Canada's oil sands boom is pitting two Goliaths of its economy against each other—the oil sands industry in Alberta and the country's manufacturing sector, based largely in the eastern provinces of Ontario and Quebec.
Since the early 2000s, manufacturers have shed more than 600,000 jobs, affecting industries ranging from auto parts to lumber. Many analysts say the timing is no coincidence. Production of tar sands crude began booming at that time—the wild growth in the sector sent the value of the Canadian dollar to all-time highs, making it tough for suddenly high-cost Canadian goods to compete in export markets.
This phenomenon has a name: Dutch disease. It was coined in a 1977 Economist article that detailed how the discovery, extraction and export of natural gas in The Netherlands drove up the value of its currency. The rise nearly wiped out the country's non-booming manufacturing sector.
Amid Canada's presumed outbreak of the affliction, however, there appears to be one bright spot: the fledgling clean energy economy. "I don't think we've seen any casualties as a result of Dutch disease in the clean energy manufacturing sector," said Keith Brooks, program manager for Blue Green Canada, an alliance of labor unions and environmental groups.
The reason is simple. So far, makers of solar panels and wind parts in Ontario—home to most of the country's renewable energy manufacturers and installations—haven't had to tap export markets to generate income. That's mainly because of a mandate requiring that at least 50 percent of components used in Ontario's renewables installations be made by Canadian suppliers.
Concerned that the rule might eventually lapse, however, local clean energy advocates are starting to ask whether clean energy manufacturers could compete abroad if domestic demand dropped off.
The answer is probably no, according to some of the economists and experts interviewed for this story. If the dollar keeps rising on the back of the oil sands boom, they said, it would harm the cleantech sector's chances in a market dominated by cheap products from countries like China.
With a strong currency, "it will not be easy for Canadian manufacturers to export clean energy products," said Serge Coulombe, an economics professor at the University of Ottawa.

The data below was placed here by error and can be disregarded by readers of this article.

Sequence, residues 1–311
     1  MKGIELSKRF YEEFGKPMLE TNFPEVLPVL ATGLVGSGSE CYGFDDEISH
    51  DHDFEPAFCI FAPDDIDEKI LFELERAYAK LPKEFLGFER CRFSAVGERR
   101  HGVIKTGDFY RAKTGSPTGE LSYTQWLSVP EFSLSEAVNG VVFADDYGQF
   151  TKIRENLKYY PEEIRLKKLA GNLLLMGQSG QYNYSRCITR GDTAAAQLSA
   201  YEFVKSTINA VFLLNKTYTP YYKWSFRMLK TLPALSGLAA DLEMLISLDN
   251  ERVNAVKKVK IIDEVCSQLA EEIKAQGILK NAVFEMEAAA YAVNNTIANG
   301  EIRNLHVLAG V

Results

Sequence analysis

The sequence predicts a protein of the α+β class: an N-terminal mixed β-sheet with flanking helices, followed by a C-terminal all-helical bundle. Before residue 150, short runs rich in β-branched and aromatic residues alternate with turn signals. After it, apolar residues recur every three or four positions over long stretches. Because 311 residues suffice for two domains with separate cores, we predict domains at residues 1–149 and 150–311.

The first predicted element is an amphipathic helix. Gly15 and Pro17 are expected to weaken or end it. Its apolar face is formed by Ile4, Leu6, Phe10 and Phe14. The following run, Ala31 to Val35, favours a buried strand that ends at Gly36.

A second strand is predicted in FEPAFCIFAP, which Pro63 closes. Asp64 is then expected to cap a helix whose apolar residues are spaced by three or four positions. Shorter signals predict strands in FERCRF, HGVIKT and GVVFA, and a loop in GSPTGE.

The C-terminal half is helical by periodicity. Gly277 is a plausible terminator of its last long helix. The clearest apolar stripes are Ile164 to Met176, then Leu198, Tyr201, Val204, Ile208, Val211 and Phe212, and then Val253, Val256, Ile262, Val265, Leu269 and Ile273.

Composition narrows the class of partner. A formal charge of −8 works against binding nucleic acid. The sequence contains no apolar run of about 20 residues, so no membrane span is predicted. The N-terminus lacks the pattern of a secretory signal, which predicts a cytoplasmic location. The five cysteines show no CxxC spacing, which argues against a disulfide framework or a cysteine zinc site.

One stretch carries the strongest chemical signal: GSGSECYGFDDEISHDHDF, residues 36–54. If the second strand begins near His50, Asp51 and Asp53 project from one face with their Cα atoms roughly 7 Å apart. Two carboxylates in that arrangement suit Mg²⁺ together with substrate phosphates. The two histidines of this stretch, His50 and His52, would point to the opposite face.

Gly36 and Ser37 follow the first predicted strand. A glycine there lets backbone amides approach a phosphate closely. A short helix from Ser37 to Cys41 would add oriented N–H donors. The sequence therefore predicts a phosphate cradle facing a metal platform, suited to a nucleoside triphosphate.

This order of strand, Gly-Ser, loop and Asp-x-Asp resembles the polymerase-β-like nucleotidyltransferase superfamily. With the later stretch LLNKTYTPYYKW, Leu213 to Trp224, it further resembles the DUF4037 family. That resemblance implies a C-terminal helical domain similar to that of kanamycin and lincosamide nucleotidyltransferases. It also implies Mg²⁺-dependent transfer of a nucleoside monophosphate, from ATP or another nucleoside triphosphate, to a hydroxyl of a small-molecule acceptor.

Oil Sands and Dutch Disease
Alberta's first oil sands mine opened in 1967, but for decades output was insignificant because it was too expensive to exploit.
Compared with pumping conventional oil up from a well, tar sands production consumes a lot of energy, adding significantly to operating expenses. It requires extracting a mixture of sand, clay and bitumen—a relatively dirty grade of oil—from deep beneath Alberta's boreal forests. The bitumen must then be upgraded into a product that can be piped and refined.
The oil sands sparked interest of oil majors in the early 2000s, as oil prices increased and technologies improved, making it worthwhile to extract the bitumen. Today, tar sands crude accounts for about 70 percent of Canadian oil exports, the bulk of which is shipped to refineries in the U.S. Midwest.
The Alberta government expects oil sands production to more than double within the decade—but not without costs.
Environmental effects of oil sands production include the loss of forest and wetlands, waterway contamination and rising greenhouse gas emissions. One economic effect of the boom has been to push the Canadian dollar up against the U.S. dollar.
The Canadian dollar, worth just 62 cents ten years ago, is now about equal in value to the U.S. dollar—helping oil sands producers and the Alberta government, but harming Ontario and Quebec, where three-fourths of the nation's manufacturers are located. Companies that ship goods like car parts, lumber and wood pulp primarily to the United States saw their competitive edge slip as the Canadian dollar climbed, even before the recession curbed U.S. appetite for exports.
Manufacturers shed 322,000 jobs—one in seven positions—between 2004 and 2008, according to the federal agency Statistics Canada. Nearly all were in Ontario and Quebec. Ontario lost 198,600 jobs and Quebec lost 86,700 positions during that four-year period.
Analysts have attributed some of the job losses to other factors, such as the sluggish U.S. construction market and declining newspaper sales. At least 36 percent of all layoffs were due to Dutch disease, said Coulombe, the University of Ottawa economist. He based the figure on findings from a 2009 study he co-authored with economists at the Universities of Luxembourg and VU Amsterdam.
Last month, Robyn Allan, a prominent Canadian economist and former CEO of Insurance Corporation of British Columbia, affirmed the concerns raised by labor unions on the impact of oil sands production to manufacturers.
"The phenomenon of Dutch disease is real," she wrote in an analysis to the National Energy Board, a federal agency. The board is considering an application from Enbridge Inc. to build a $5.3 billion twin oil pipeline system. The controversial Northern Gateway pipeline would pump 525,000 barrels of Alberta oil sands a day to a new marine terminal in Kitimat, British Columbia, for export.